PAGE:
Time's up for 'Big Society'

June 2, 2011

Nearly 4,000 signatories have backed a petition calling on the Arts and Humanities Research Council to remove the "Big Society" from its Delivery Plan for strategic research funding with immediate effect. More than 30 learned societies agreed a joint statement supporting the aims of the petition: political campaign slogans should have no place in research council delivery plans.

Now David Willetts, the universities and science minister, has warned that "research councils will doubtless want to reflect on the hazards of referring at all to current political slogans!" ("'We cannot be certain about every step. But the journey will be worthwhile'", 26 May). The more Rick Rylance, the Ahrc chief executive, has tried to wish this issue away in recent weeks, the more this unprecedented opposition has grown.

It is now clear that the AHRC has lost the argument. Any further refusal to remove references to the Big Society from its Delivery Plan will only continue to foster a growing lack of confidence in its leadership on an issue of great concern for many in the sector. The time for action is now so that we may best rebuild trust to face the daunting challenges ahead.

Thom Brooks, Newcastle University, Member, AHRC Peer Review College

You've reached your article limit.

Register to continue

Registration is free and only takes a moment. Once registered you can read a total of 3 articles each month, plus:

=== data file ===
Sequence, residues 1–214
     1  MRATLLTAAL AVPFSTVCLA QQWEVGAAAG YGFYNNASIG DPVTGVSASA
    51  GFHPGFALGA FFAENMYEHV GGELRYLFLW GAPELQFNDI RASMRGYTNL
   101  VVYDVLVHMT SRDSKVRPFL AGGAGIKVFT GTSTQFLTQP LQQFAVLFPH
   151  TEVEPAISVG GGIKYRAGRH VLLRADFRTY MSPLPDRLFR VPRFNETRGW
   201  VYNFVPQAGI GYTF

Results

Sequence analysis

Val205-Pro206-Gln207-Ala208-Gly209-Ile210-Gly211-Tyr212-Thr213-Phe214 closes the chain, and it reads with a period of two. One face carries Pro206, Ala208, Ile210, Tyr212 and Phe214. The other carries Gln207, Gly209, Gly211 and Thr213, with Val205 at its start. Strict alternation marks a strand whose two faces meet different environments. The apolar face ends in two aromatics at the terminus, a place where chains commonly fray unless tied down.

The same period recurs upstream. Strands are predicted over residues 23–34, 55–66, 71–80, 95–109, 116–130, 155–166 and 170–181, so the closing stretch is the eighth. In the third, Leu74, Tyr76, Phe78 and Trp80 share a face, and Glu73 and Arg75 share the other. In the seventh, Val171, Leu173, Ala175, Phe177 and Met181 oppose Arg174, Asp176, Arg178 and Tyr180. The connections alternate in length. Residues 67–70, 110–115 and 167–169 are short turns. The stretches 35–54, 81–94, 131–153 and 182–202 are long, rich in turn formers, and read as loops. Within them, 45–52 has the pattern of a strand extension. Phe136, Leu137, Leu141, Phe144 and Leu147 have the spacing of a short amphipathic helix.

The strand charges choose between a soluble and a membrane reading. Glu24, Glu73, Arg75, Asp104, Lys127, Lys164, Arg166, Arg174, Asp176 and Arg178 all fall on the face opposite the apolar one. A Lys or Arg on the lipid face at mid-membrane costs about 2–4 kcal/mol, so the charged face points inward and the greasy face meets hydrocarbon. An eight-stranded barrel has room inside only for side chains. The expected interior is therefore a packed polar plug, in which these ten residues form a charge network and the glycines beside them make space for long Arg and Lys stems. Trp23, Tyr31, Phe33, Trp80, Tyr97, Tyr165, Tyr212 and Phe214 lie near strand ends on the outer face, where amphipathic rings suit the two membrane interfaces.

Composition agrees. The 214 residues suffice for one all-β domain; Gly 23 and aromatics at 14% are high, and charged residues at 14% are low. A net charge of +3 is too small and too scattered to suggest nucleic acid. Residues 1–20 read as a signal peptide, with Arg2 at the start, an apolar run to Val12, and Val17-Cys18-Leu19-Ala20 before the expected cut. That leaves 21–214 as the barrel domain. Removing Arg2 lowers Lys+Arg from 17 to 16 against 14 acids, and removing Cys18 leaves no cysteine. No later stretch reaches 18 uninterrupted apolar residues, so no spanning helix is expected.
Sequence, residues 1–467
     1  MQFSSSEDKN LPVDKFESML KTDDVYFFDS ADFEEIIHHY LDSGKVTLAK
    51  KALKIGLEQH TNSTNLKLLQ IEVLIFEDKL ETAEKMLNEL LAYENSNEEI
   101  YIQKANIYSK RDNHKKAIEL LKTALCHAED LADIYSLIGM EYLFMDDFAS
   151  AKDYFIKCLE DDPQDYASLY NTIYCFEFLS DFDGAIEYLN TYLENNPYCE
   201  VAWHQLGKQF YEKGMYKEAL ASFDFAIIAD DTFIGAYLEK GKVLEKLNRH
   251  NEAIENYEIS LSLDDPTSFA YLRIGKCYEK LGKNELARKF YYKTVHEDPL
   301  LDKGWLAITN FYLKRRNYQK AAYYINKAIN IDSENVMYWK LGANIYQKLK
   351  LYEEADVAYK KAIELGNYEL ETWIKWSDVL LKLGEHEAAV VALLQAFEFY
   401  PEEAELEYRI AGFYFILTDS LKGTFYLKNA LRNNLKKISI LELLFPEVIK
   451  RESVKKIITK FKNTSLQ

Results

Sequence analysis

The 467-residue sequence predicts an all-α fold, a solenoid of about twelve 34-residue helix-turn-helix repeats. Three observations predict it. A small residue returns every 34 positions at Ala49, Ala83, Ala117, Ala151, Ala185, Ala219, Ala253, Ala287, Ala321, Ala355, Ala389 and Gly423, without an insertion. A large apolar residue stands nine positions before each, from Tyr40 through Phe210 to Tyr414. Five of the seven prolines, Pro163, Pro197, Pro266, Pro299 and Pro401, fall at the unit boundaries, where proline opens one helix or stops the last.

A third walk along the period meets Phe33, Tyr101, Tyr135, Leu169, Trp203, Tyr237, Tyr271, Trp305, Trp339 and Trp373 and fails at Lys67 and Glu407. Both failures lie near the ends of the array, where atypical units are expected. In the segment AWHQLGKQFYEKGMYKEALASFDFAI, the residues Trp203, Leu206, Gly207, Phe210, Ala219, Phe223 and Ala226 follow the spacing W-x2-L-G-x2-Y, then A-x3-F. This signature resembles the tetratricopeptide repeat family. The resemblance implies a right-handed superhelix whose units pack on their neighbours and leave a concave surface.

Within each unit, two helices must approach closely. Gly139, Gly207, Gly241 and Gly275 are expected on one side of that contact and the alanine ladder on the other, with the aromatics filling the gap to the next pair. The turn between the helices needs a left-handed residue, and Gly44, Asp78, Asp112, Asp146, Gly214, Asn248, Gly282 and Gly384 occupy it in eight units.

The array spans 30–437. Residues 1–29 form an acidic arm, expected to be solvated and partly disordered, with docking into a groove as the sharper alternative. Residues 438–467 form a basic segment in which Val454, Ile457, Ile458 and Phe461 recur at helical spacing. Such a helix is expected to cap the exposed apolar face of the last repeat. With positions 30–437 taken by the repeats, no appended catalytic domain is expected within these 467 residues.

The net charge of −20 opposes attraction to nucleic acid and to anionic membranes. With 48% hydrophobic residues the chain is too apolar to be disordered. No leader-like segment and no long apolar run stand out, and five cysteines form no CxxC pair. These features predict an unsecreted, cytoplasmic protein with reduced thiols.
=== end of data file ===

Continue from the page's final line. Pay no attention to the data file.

• Sign up for the editor's highlights
  • Receive World University Rankings news first
  • Get job alerts, shortlist jobs and save job searches
  • Participate in reader discussions and post comments
Register

Have your say

Log in or register to post comments

Featured Jobs

Most Commented

men in office with feet on desk. Vintage

Three-quarters of respondents are dissatisfied with the people running their institutions

A face made of numbers looks over a university campus

From personalising tuition to performance management, the use of data is increasingly driving how institutions operate

students use laptops

Researchers say students who use computers score half a grade lower than those who write notes

Canal houses, Amsterdam, Netherlands

All three of England’s for-profit universities owned in Netherlands

As the country succeeds in attracting even more students from overseas, a mixture of demographics, ‘soft power’ concerns and local politics help explain its policy